Your curriculum vitae (CV) is a personal marketing tool presenting qualifications, skills and attributes that demonstrate your suitability for a job. It must be accurate, interesting and up-to-date to make the best impression possible and get you noticed. Advice about the best style and layout for a curriculum vitae differs widely. Frequently asked questions include: How many pages should it be? Which font size should I use? Should I list my interests? The final decisions rest with you. Make your curriculum vitae a personal record of your life that promotes you to your best advantage.
If you arc unsure about what to list on your curriculum vitae, start by analyzing the skills and interests you have to offer in relation to your career choice. Your experience in higher education is not just about what you learned from studying, but about your life. Consider your academic achievements, social life, work experience, hobbies and responsibilities. All can provide evidence of the qualities sought by employers. The following checklist will help you to compile the relevant information for your curriculum vitae:
• Contact details
• Personal profile/statement
• Employment/work experience
• Skills/abilities/specialist areas
As an artist, consider the visual aspect of your curriculum vitae. Including images of your work will make you memorable to an employer. Think of ways to promote yourself further, perhaps creating a marketing pack that includes a curriculum vitae, business card with contact details, and postcards or photographs of your artwork. Some people send digital visual curriculum vitaes online in the form of a PDF file. Most importantly, always follow up with a phone call to a potential employer. There are many ways of selling yourself effectively and making sure that you stand out from the crowd.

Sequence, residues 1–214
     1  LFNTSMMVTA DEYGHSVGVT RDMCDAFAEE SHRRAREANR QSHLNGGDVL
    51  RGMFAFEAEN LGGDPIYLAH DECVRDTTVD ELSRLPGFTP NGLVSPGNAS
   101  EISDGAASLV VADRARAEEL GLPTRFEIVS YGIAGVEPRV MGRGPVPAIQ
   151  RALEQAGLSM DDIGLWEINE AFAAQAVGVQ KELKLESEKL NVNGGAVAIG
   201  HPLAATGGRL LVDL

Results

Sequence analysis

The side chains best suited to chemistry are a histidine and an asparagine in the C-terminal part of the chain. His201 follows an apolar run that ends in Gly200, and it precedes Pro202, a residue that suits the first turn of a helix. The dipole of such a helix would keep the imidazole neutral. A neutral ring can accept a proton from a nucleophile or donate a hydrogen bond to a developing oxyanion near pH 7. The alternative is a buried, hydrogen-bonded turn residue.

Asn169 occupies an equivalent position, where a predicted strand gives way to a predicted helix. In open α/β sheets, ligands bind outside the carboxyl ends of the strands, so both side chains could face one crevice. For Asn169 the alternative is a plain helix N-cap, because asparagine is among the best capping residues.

When it is time to enter the world of employment, it may take you a little while to know exactly what you want to do. The following interviews with industry professionals may help you to decide the path you wish to take. Stephanie Pesakoff, from Art Department, describes the role of an illustration agent. David Downton tells of his fascinating life as a fashion illustrator. Lysiane de Royere, from Promostyl, discusses how to illustrate future fashion trends, and Jeffrey Fuluimari tells of his growing empire as a commercially led fashion illustrator.
Fashion illustrators often work on a self-employed, freelance basis whereby (hey arc hired to illustrate specific assignments. Working as a freelancer involves learning to juggle several commissions at once, invoicing clients and managing all administration. Many freelancers gain the representation of a reputable agent, who promotes them. The services of an agent vary depending on the individual illustrator but, in general, they handle all enquiries, portfolio requests, negotiations, scheduling and invoicing. In addition, a good agent maintains portfolios and an agency website with samples of illustrators' work, and perhaps orchestrates agency promotions.